In this study, published in the July 26 issue of the Journal Science, Yanning's team used cryo-electron microscopy to obtain the complexes of insect Nav channels binding to Dc1a, and the cryo-electron microscopic structures of Nav-Dc1a-TTX and Nav-Dc1a-STX complexes. Their resolutions were 2.8_, 2.6_, and 3.2_, respectively. The complex interactions between Dc1a and sodium channels involve multiple amino acids located in different protein domains. Biochemical experiments have also been confirmed.
The structure of complex NavPaS and Dc1a (photo source: Science)
Structural analysis of the Nav-Dc1a-TTX and Nav-Dc1a-STX complexes has helped to identify specific amino acid sites that interact with TTX and STX outside the membrane of the Nav channel, thus providing a structural explanation for the functional study of TTX and STX blocking the Nav channel.
This research is also important for drug development. Because GMTs are more selective than pore blockers, their behavior can provide valuable information for the development of drugs targeting specific sodium channel subtypes. The results of this study suggest that the region where GMTs interact with sodium channels is not limited to VSD, so researchers need to be careful about the results of VSD fragments that describe GMTs behavior using only sodium channels.
Related papers: Shen, et al. (2018). Structural basis for the modulation of voltage-gated sodiumchannels by animal toxins. Science, https://doi.org/10.1126/science.aau2596
Published online in June 28th:Structural basis for the recognition of Sonic Hedgehog by human Patched1
Hedgehog (Hh) signaling pathway is a classical pathway in developmental biology. It plays an important role in embryonic development. In adults, if this pathway is overactivated, it may lead to cancer. One of the core proteins in this pathway is the receptor named Patched 1 (Ptch1). When this receptor protein binds to the Hh protein, it releases the inhibition of the downstream protein and opens the signaling pathway. This step is significant for the entire pathway, but the structural basis behind it has not been clarified.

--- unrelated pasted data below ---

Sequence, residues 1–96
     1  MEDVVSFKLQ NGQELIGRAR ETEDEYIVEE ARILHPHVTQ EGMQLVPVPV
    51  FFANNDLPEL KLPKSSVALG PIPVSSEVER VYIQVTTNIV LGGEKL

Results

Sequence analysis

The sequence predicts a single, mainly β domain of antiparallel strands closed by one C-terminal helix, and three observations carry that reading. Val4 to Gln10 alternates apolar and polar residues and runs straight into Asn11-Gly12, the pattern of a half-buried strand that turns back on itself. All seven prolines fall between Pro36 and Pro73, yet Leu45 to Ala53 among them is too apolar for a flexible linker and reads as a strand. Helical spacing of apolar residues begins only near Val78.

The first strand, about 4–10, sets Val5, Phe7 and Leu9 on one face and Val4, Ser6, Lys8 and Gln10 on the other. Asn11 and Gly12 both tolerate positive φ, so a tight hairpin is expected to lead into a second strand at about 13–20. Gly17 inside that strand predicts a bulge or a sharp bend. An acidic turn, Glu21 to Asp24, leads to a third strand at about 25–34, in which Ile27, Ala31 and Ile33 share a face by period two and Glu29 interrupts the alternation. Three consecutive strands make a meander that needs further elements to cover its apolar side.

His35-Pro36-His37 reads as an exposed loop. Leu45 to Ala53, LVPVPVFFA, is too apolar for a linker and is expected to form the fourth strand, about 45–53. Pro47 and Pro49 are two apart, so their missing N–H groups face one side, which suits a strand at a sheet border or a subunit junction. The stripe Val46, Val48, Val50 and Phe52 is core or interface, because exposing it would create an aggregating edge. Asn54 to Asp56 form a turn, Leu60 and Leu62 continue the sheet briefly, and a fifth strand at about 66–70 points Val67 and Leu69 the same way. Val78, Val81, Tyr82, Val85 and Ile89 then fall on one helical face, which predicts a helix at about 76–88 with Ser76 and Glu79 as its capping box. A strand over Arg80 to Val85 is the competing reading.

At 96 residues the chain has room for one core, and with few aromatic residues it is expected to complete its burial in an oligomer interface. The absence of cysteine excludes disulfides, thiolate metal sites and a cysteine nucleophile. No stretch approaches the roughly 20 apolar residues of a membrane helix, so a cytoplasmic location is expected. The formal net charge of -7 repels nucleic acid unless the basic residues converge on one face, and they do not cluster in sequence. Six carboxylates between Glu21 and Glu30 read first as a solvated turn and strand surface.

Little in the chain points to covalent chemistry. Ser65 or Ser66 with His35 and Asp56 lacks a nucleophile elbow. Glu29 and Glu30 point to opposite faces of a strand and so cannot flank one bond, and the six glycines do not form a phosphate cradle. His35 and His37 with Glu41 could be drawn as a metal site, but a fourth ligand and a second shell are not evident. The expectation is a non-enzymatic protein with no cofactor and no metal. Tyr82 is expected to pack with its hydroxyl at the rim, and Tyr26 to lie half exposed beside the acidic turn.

In this study, Yan Ning's team obtained the structure of human Ptch1 protein with a resolution of 3.9. In addition, the Ptch1 and Hh homologous Shh protein N-segment (ShhN) complex was obtained, with a resolution of 3.6. Through these freeze electron microscopic structures, we can see 12 transmembrane domains and two extracellular domains of Ptch1 ECD1 and ECD2.. The two extracellular domains are close to each other when ShhN is close to each other, forming the binding site to ShhN. This recognition mechanism has also been confirmed by biochemical experiments.
The structure of Ptch1 when it is combined alone or with ShhN (source: Science).
In addition, based on these structures, the researchers also revealed steroid dependence when ShhN interacts with Ptch1 through biochemical analysis. In contrast, those mutant Ptch1 proteins that failed to bind steroids exhibited significant conformational rearrangements compared with wild-type ones.
This study reveals the molecular structure of the human Ptch1 protein and the Ptch1 protein-ShhN complex, giving us a more intuitive understanding of the key steps in this important signaling pathway.
Related papers: Gong, et al. (2018). Structural basis for the recognition of Sonic Hedgehog by humanPatched1. Science, https://doi.org/10.1126/science.aas8935
"Is it hard to do scientific research? I have always been reluctant to use the word "bitter", and there is no pie in the world in all walks of life. Professor Yan Ning said: "But bitterness is actually a kind of psychological feeling, when really into, more often than not is a kind of involuntary sleep, food, fascination. And until the moment of ecstasy, everything seems to be nothing. Scientific research is a marathon, not a sprint, no one can't do it, only give up and not give up.
We congratulate Professor Yan Ning's research team on the harvest this summer, and we look forward to the progress of structural biology to reveal more mysteries of organisms and bring about potential medical transformation.